“The female mind, though cruelly practical in daily life, cannot bear to hear ideals belittled in conversation.” E.M. Forster, Howard’s End. Upwards, especially females, love spouting ideals, while quietly getting on with the practical details of life. They may be as keen as any Teale on getting married and having children before time runs out, but they have to disguise it with a lot of stuff about living for the moment. (“I’m not ready to settle down, I’m having too much FUN!”)
Upwards and Definitelies think vaguely that cohabiting gives you legal rights (over your children, to your partner’s pension, to half the house if you split up or he dies). It hasn’t since 1753.
Stow Crat marriages were traditionally about land transfer, so it’s got to be legal. They don’t hire a castle for the reception - they use their own.
The very Bohemian Nightshades tie the knot on a beach, reciting vows they’ve made up themselves (it mustn’t resemble anybody else’s wedding plus there’s no need to hire a marquee).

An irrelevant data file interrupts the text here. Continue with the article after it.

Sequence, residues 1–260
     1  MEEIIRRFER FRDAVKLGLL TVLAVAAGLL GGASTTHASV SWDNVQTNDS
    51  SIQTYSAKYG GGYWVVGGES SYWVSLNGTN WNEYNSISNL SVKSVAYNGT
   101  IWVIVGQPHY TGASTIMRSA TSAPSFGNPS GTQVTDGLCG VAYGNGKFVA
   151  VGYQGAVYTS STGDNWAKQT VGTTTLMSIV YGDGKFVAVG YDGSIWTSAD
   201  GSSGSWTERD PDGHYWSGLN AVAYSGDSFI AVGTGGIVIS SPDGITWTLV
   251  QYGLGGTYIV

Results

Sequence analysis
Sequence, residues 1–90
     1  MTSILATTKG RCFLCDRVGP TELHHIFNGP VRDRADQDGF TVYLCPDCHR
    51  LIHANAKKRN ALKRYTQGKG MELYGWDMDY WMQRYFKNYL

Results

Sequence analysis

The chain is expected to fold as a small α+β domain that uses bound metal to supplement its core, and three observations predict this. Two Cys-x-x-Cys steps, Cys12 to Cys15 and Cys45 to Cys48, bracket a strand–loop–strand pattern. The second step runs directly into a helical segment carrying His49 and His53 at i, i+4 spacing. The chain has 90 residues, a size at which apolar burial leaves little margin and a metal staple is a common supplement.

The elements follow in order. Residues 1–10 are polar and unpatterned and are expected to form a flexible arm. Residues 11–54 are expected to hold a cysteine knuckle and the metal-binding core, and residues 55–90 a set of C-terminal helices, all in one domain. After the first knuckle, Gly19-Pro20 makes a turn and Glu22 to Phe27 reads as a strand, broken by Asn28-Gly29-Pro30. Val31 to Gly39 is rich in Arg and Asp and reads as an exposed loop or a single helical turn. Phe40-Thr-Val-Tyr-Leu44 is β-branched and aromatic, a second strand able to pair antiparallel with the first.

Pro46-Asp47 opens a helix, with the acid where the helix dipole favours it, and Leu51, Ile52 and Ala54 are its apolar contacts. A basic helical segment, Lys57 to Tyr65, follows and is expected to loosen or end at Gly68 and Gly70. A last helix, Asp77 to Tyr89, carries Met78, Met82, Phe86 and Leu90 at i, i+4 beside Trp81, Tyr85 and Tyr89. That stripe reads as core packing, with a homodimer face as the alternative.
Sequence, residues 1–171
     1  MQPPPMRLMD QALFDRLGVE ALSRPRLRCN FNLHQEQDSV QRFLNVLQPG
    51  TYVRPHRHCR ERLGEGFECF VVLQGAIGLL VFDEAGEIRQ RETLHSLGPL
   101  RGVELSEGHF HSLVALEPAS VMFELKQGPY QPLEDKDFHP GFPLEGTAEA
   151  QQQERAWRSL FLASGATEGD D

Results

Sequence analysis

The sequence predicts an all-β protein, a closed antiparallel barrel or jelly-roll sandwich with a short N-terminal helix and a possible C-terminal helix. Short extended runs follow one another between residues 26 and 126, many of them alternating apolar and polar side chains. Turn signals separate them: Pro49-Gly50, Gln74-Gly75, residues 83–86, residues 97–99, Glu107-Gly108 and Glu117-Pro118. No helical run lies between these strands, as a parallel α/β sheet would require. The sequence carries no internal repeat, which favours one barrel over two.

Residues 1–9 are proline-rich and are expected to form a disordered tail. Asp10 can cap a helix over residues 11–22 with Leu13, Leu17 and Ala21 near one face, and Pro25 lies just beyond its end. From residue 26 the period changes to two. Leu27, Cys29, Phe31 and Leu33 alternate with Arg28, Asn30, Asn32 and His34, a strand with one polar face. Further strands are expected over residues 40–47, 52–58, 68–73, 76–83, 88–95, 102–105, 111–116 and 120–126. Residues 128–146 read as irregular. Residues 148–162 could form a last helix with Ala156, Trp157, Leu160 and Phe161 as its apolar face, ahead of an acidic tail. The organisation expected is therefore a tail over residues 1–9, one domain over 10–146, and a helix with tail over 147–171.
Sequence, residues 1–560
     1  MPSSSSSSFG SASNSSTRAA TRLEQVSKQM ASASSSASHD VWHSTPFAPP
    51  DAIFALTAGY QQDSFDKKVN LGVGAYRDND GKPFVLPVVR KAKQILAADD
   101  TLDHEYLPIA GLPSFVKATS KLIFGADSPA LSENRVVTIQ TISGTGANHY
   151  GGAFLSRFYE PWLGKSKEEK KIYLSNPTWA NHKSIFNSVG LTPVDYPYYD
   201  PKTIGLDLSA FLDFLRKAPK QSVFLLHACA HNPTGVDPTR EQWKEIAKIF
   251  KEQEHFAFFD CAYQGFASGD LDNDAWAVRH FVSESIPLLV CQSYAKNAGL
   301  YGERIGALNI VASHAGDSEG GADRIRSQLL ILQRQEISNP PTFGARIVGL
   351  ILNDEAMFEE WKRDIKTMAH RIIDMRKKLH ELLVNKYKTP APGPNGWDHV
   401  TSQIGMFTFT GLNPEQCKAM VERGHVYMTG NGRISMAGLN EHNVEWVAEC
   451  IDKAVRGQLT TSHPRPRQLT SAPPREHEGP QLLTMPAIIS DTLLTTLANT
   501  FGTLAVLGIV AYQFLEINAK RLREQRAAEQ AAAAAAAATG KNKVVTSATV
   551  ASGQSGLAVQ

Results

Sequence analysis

Sam is horrified by the amount people spend. Brides become a footballer’s wife for a day, not a princess.
Caroline is shocked that brides wear strapless dresses in the afternoon (decolletage is for evening).
The Nouveau Richards hire a castle in Scotland and make all the men wear kilts.
Christine Teale goes into training for weeks before the wedding, getting a St. Tropez tan, botoxing her forehead and losing two stone. Teales “tie the knot”, “exchange vows” and have “nuptials”.
Many put off getting married because they think spending £30,000 is the only way they can do it. Then they hold the ceremony in a quainte olde Anglican country church because it will look good in the photos. But the olde church and hastily researched wedding music (there are several CDs, like Music for a Church Wedding) tell the world, not that the couple are making a commitment in front of all their friends and family (which is the reason they’d give), but that they’re assuming their correct position and level in society. The real ceremony is the rest of the day, with the humiliating speeches, embarrassing dancing and exhausting partying into the night (not to mention the previous stag/hen week in Sweden/Prague/Goa).